WASHINGTON (CN) – As environmentalists prepare for the fallout of Donald Trump’s commitment to coal power and oil drilling, those industries are celebrating the Republican’s presidential ascendancy.
Underneath a banner calling for monthly donations to “protect our planet from Trump,” Sierra Club executive director Michael Brune warned in a Nov. 10 blog post that “the election of Donald Trump could be devastating for our climate and our future.”
“Donald Trump now has the unflattering distinction of being the only head of state in the entire world to reject the scientific consensus that mankind is driving climate change,” Brune added.
The reference speaks to a Twitter post by Trump on the campaign trail, in which he called global warming a hoax "created by and for the Chinese in order to make U.S. manufacturing non-competitive."
Trump later denied this stance in the presidential debates, but has maintained that he would cancel the Paris climate agreement and "stop all payments of U.S. tax dollars to U.N. global warming programs."
Trump also said vowed to revoke the Clean Power Plan, a hallmark of the Obama administration that requires a 32 percent reduction of carbon-dioxide emissions from power plants across the nation by 2030, relative to 2005 levels.
The Sierra Club, a champion of the plan, hopes Trump will reconsider this position too.
“Campaigning is one thing; governing is another,” the post from Sierra’s Brune says. “Trump must choose whether he will be a president remembered for putting America and the world back on a path to climate disaster, or for listening to the American public, investing in the fastest-growing sector in the U.S. economy – clean energy – and keeping us on a path of climate progress.” (Emphasis in original.)
One stance that Trump has solidified since his Nov. 8 election meanwhile is his pledge to dismantle the Environmental Protection Agency.
Myron Ebell, the climate-change skeptic Trump tapped to lead the EPA transition, is a longtime lobbyist at Competitive Enterprise Institute.
The Washington Post reported that ExxonMobil is a big donor for the conservative policy group, which has also received funding from Donors Trust.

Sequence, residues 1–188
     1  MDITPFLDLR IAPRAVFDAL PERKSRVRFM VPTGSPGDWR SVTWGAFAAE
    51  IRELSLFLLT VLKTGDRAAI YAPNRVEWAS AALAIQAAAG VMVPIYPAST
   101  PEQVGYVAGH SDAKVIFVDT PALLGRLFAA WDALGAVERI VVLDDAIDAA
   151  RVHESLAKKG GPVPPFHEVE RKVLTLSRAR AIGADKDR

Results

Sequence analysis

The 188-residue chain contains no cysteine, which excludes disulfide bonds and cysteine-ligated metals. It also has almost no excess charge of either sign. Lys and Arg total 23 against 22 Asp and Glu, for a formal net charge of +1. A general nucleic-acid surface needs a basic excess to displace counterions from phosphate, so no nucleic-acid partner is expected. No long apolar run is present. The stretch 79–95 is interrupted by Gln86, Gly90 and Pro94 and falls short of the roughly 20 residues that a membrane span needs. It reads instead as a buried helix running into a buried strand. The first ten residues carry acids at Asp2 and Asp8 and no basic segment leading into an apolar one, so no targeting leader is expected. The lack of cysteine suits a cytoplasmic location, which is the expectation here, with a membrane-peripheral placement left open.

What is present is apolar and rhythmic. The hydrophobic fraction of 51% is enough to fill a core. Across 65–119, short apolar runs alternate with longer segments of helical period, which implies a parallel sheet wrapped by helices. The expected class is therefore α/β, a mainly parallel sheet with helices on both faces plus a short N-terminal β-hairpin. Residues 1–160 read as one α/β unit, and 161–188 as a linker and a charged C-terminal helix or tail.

Though no law requires that Virginia-based organization to disclose its contributors, the Post says it is staffed largely by people who have worked for Koch Industries or nonprofit groups supported by the conservative Koch brothers.
Oil and gas groups meanwhile are celebrating Trump’s promise to double down on coal- and shale-energy extraction, while rebuffing sustainable energy options like solar power and wind farms.
"Our industry stands ready to help America reach its energy potential while creating jobs and economic prosperity," said Don Santa, president of the International Natural Gas Association, in a statement.
American Petroleum Institute president Jack Gerard voiced similar optimism Thursday at a press conference.
"We have found through market conditions and at the start of this energy renaissance, we can be a leader in world production and at the same time, address climate concerns rather than have a divisive conversation about who is a believer or a denier," Gerard said.
"Mr. Trump said we can do this in such a way to protect the environment and create more jobs and help local communities,” Gerard added. “Voters said overwhelmingly that they want their economy to come back. We believe some of the regulatory approach in the past put in the finger on the scale of using certain energy forms and the government shouldn't be in the business of picking winners and losers."
A representative from the Trump campaign did not return multiple requests for comment, but Trump has long dismissed solar power as too costly for taxpayers.